Australian property markets have kicked off 2017 on an encouraging note, with all but one of the capital cities posting value rises in January.
CoreLogic reports a rise of 0.7% for the month across the combined capitals, with Hobart (up 1.4%), Sydney (up 1%) and Melbourne (up 0.8%) recording growth above the average. January’s monthly gain was higher than readings in October and November.
Only Darwin has gone backwards in 2017 so far, with a monthly fall of 1.7%, although Darwin and Hobart’s relatively small markets mean value movements can be more volatile compared with the other capitals.
The January figures reflect 2016 trends that saw Sydney, Melbourne and Hobart perform strongest of the capitals for value growth.
“Clearly the Hobart housing market is now well into its growth cycle,” said CoreLogic head of research, Tim Lawless.
“Strong housing market conditions are being driven by positive affordability of housing, as well as improving economic conditions and stronger migration trends.”
Of the remaining markets, quarterly value growth was flat or marginal in Canberra, Adelaide and Brisbane, while Perth’s gain of more than 2% over the three months to 31 January appears to point to some kind of recovery in the struggling WA capital.
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CBA senior economist, Michael Workman, argued “today’s CoreLogic housing price data indicates a re-acceleration in prices which, combined with yesterday’s credit trends, will give the RBA and APRA some concerns”.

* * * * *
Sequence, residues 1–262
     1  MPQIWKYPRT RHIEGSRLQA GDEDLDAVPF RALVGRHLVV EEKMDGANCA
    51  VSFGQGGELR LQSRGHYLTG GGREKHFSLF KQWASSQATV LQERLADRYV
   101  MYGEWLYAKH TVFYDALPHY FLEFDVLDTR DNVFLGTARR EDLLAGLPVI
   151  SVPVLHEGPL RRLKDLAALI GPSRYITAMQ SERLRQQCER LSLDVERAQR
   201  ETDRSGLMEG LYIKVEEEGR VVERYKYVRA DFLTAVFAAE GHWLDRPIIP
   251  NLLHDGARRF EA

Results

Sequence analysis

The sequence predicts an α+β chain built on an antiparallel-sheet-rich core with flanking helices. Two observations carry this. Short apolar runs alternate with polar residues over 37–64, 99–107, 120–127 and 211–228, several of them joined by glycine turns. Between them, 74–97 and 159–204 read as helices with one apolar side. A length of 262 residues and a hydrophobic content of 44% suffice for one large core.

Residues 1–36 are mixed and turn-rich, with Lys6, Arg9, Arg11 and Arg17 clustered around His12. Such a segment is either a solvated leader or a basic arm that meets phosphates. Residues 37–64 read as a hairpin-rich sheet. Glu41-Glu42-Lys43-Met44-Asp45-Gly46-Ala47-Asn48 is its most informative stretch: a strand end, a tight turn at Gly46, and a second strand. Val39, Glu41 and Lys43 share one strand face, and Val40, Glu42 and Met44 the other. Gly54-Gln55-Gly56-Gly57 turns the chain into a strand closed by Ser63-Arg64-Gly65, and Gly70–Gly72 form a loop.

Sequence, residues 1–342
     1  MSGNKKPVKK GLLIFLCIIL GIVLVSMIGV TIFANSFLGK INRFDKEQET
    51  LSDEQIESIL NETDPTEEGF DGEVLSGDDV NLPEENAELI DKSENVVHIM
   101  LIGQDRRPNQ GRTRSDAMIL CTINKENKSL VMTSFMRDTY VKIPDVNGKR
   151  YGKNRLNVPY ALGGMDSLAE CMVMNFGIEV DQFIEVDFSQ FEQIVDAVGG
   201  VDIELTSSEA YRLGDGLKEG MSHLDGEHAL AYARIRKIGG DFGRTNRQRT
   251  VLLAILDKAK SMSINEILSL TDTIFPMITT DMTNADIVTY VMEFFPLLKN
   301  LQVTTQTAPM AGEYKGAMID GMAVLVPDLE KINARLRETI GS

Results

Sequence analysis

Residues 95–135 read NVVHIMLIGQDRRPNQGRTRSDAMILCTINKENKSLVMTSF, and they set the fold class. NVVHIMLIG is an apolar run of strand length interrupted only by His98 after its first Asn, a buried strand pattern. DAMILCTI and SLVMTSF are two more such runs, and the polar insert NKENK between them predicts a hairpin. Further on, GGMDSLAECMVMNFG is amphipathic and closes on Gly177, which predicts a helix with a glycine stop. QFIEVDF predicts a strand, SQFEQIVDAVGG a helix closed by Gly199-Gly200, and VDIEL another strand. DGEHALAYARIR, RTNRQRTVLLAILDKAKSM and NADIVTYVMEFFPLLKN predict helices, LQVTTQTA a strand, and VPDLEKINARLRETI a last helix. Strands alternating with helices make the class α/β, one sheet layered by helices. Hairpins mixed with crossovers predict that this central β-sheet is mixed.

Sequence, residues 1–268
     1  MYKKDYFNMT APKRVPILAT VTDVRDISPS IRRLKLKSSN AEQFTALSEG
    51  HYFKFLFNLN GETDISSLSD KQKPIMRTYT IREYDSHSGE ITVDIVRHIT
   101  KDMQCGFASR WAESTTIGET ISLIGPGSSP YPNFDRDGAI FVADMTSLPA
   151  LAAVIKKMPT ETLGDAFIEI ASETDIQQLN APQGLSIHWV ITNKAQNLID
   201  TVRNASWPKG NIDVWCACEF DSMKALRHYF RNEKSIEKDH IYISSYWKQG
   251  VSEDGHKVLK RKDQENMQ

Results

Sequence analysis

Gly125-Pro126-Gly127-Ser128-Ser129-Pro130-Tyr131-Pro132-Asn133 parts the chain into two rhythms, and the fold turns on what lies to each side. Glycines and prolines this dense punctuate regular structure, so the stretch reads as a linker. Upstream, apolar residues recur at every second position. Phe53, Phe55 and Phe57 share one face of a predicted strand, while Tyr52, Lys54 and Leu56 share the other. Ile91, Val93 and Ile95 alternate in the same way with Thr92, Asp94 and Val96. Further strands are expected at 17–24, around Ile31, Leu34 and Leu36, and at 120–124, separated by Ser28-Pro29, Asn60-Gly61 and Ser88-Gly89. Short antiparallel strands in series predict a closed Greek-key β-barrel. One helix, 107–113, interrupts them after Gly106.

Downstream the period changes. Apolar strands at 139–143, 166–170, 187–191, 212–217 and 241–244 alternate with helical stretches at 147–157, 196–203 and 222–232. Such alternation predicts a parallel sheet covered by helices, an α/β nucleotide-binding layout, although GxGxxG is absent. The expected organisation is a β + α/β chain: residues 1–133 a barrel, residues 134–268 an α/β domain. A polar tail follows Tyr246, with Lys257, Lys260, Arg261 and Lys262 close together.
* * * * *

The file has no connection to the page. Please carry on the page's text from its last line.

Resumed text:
The RBA this week released its monthly credit numbers which pointed to an increase of 0.5% in housing credit over December, fuelled by an acceleration in property investor lending. The most recent ABS figures indicate investors account for 58% of the value of all new mortgage demand (excluding refinances) in NSW, and 45% in Victoria.
“CoreLogic continues to note that investors are driving key housing markets such as Sydney and Melbourne,” said CommSec chief economist, Craig James. “But CoreLogic also continues to highlight the risks, with investors relying on expected capital appreciation for returns on their investment rather than rising rents.
“More apartments are being built, supply will catch up to demand and growth of home prices will ease over the next few years. Investors need to be aware of the risks, including further actions by regulators to slow housing demand.
“The broad-based health of Australian housing markets reduces the potential for further rate cuts,” he argued.
James’ observation that property investors are relying on capital growth rather than rising rents for their returns appears to hold true in Sydney and Melbourne at least, where investment continues to ratchet higher despite both cities seeing record low gross rental yields.
By contrast, Hobart continues to show both healthy capital growth and the highest yields of all the capitals for both houses and units.
Looking ahead, Lawless predicted that “while the pace of capital gains remained strong in January, our view is that growth rates will trend lower over 2017”. He cited affordability constraints, especially in Sydney, along with the large number of high-rise units currently under construction in the bigger capitals and an expected “increase in supervisory focus from APRA and risk committees” as among the key factors likely to lead to a slowdown in value growth this year.